I only figured it out by accident - through the Microsoft Authenticator App I got to a login/authentication history somewhere, and there I saw that Teams was automatically re-authenticating itself in the background. Probably some sort of token renewal or something.
But it was doing that LOTS. Like 2 or 3 times per SECOND. And once it starts doing that, it seems to be doing that indefinitely (until you restart the app) - with absolutely no hint of what's happening inside the app.
I'm not kidding you. They DDoS themselves because the app apparently doesn't cache anything.
Oh, and don't try what happens when skype.com doesn't work. The whole app goes maniac then.
Also, I believe those re-authentications are actually ALL the app is doing in those moments.
It's not actually loading anything, not emojis, not notifications or anything else (all of the app still works normally) - it's just re-authenticating, re-authenticating, re-authenticating, re-authenticating... in the background (eating quite a bit of CPU and bandwidth in the process).
Why people still do that?
When I ran a very large O365 environment, it was even harder as we had a dedicated 10Gb circuit to Microsofts network, and and depending on various bugs, conditions, etc, you could easily send traffic to the wrong place and impact performance. (For example, if you inspect TLS traffic, that latency will kill Outlook application performance)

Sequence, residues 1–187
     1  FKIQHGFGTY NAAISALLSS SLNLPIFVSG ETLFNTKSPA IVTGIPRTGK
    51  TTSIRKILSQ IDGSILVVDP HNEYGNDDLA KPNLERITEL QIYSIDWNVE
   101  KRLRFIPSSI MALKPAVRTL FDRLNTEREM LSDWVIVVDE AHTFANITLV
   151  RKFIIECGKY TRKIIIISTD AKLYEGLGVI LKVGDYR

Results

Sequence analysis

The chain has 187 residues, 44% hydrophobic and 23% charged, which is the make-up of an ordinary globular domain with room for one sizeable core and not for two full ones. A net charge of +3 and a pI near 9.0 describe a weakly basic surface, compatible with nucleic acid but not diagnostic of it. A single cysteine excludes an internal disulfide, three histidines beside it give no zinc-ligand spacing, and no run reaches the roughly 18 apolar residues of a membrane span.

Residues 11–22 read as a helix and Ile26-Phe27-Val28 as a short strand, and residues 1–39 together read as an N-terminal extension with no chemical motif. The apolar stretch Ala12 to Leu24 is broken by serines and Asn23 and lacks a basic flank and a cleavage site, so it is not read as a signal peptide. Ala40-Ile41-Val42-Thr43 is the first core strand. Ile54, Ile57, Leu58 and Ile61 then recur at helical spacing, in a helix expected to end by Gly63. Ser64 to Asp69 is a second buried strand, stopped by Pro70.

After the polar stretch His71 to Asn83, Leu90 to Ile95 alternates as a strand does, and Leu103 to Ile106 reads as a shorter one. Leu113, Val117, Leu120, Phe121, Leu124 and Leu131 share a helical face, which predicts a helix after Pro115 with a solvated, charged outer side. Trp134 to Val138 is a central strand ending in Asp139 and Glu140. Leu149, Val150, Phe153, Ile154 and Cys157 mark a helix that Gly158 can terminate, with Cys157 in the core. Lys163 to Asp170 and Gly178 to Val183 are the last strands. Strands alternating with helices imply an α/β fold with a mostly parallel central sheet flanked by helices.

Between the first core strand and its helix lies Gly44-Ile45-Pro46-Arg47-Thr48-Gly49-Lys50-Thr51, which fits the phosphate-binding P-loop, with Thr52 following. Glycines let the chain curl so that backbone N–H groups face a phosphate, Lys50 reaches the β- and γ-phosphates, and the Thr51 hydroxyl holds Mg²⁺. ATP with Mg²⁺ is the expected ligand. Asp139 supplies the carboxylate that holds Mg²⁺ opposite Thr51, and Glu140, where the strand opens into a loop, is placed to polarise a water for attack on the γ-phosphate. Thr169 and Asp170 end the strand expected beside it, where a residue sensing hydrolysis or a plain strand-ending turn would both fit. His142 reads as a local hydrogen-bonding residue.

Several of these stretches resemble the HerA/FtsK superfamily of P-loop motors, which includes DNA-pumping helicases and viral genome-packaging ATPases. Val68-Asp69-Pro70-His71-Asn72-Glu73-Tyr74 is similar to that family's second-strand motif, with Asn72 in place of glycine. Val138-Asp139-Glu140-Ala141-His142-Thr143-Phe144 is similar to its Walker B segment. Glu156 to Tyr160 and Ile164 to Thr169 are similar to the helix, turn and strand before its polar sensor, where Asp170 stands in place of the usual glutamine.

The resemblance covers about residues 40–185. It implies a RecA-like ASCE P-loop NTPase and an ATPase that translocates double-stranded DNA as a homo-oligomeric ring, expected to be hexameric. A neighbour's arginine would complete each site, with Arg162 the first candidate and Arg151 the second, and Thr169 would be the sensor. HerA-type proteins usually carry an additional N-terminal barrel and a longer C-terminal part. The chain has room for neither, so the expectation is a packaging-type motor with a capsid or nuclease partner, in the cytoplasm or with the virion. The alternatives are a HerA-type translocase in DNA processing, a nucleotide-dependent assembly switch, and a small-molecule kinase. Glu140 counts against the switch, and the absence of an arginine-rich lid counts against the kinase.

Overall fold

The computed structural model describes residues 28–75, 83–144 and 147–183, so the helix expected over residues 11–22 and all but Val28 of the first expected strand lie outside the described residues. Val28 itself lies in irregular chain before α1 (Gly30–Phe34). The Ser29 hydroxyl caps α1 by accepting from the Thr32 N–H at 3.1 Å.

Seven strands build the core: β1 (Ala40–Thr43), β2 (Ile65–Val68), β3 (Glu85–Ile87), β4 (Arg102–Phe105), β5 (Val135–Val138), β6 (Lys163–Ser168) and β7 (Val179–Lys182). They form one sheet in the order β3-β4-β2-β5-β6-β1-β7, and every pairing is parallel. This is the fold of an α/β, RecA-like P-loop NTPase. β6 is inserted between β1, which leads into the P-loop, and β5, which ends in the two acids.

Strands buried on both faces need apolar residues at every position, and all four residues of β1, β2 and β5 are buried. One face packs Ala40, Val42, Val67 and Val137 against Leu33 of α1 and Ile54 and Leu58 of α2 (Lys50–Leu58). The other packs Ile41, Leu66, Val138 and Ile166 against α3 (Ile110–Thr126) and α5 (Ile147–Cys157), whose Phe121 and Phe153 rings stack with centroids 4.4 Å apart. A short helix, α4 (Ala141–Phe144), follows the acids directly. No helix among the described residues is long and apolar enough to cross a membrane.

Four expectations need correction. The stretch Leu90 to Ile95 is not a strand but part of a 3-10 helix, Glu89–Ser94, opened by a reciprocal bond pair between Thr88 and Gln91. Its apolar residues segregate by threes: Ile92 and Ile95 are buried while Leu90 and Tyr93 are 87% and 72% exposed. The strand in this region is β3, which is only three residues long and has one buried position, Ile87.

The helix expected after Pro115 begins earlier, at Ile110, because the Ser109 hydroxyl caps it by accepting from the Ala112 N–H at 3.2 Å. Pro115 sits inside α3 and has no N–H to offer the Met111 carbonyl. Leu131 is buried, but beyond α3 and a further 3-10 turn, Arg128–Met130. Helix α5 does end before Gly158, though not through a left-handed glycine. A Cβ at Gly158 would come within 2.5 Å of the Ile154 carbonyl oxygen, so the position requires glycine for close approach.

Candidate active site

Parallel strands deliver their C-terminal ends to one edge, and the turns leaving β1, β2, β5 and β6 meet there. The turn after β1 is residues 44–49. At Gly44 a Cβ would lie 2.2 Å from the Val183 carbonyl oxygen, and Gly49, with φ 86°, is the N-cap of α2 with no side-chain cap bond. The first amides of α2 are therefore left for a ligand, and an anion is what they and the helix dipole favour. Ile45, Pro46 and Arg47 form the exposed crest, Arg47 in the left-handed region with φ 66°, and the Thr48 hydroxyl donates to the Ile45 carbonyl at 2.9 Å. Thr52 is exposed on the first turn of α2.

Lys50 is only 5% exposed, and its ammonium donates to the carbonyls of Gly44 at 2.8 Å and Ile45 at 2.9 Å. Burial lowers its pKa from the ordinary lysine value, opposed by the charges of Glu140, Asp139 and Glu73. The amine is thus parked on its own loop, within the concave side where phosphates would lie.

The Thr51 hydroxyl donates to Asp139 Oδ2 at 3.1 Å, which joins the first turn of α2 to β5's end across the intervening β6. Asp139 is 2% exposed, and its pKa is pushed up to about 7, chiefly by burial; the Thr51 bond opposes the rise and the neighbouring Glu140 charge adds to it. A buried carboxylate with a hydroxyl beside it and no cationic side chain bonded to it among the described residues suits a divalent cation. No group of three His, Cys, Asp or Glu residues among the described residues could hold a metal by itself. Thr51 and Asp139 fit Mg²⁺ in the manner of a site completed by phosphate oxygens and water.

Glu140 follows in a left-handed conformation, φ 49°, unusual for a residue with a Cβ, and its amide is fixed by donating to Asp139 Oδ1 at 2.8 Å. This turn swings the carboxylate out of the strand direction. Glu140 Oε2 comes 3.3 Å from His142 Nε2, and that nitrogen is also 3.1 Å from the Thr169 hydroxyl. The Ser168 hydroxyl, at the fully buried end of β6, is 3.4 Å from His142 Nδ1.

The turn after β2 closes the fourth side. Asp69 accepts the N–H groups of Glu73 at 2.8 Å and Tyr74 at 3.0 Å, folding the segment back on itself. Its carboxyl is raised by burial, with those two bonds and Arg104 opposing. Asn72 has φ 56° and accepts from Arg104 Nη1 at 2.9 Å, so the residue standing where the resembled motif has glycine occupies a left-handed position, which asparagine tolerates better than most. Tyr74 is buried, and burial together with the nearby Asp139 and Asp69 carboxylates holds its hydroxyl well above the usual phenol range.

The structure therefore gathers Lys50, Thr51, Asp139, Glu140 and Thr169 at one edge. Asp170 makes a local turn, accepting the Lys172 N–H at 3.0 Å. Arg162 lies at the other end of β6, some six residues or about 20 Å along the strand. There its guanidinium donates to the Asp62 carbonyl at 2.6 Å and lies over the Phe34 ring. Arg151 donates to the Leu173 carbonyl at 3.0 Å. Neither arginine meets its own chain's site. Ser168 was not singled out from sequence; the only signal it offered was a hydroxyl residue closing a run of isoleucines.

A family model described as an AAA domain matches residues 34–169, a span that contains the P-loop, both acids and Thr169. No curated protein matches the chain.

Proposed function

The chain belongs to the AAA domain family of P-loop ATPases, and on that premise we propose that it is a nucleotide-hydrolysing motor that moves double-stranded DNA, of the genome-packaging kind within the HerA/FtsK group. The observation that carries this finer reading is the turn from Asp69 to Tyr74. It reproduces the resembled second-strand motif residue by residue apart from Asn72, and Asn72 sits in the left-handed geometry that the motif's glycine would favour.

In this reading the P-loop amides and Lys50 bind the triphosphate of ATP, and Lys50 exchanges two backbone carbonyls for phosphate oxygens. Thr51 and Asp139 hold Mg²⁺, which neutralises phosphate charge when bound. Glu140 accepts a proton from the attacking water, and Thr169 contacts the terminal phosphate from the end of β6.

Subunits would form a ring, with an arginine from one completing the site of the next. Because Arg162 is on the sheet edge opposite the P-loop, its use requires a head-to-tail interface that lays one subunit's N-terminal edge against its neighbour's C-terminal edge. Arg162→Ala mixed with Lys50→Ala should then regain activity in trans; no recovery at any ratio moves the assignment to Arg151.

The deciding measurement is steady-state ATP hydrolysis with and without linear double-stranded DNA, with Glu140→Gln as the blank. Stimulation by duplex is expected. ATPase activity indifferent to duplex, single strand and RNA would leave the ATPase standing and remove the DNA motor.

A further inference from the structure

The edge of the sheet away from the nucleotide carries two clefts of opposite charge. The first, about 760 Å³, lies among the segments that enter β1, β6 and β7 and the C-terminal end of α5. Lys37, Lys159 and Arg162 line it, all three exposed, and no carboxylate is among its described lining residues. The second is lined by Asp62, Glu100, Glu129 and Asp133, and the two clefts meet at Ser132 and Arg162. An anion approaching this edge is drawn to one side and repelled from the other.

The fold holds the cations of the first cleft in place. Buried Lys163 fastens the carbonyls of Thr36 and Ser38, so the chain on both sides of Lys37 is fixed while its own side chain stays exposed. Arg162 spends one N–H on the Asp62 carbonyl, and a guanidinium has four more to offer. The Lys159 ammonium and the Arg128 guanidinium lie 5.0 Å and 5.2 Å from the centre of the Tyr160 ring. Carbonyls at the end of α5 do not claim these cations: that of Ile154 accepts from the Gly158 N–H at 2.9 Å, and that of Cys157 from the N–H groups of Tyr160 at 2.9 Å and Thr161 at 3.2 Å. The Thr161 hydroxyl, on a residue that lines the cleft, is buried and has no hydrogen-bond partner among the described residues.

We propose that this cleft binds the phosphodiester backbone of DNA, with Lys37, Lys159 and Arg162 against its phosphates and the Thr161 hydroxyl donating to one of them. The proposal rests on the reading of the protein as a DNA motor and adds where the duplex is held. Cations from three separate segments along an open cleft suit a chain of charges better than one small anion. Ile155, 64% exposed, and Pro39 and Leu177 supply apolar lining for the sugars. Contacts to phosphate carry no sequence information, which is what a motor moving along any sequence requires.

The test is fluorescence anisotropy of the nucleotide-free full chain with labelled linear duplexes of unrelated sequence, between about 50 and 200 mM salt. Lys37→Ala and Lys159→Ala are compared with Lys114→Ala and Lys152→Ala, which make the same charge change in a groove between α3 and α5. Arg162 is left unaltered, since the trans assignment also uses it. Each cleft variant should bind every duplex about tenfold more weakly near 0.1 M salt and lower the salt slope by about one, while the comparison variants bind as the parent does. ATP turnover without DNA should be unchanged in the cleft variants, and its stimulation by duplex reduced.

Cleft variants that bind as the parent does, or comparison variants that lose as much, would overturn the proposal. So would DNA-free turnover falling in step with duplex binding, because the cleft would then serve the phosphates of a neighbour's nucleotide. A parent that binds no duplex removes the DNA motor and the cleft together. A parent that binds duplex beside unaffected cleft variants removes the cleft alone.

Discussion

A few times I got into a weird auth bug scenario, where if a window popped up to auth, and I didn't get it right the first time, it would send me into an endless loop of popping out auth windows (while Teams shows me offline). Whether I succeed with auth in the subsequent windows or not, or even whether i just dismiss the window, it doesn't matter. They kept popping up almost instantly again, dragging away window focus from whatever other application window was in focus. Even closing Teams wouldn't help, only reboot would reliably resolve it (though given how few times I've observed it, I didn't bother looking deeper than that into it). And that was on macOS.
The other big issue is that they saddled with the technical debt of legacy auth, and many failure scenarios lead to that path, which really sucks.
It usually works fine for an hour or two after restarting the app - and then it suddenly starts refreshing endlessly as fast as it can.
There's no visible reason why it would suddenly be doing so many API requests, and wasn't doing them before. (And then stops doing them again, after being restarted.)
Solution: Rewrite product, using essentially the same architecture (Chrome renderer wrapped in native exe)
We'll end up with similar levels of performance, but an entirely new host of exciting bugs
Is that really why people turn to electron though? I'm pretty sure its not.
The problem is writing code for code reviews, not for users. You can't add a performance-aware architecture as an afterthought, and it's really hard to fix your code with a profiler if every single operation is slower than necessary.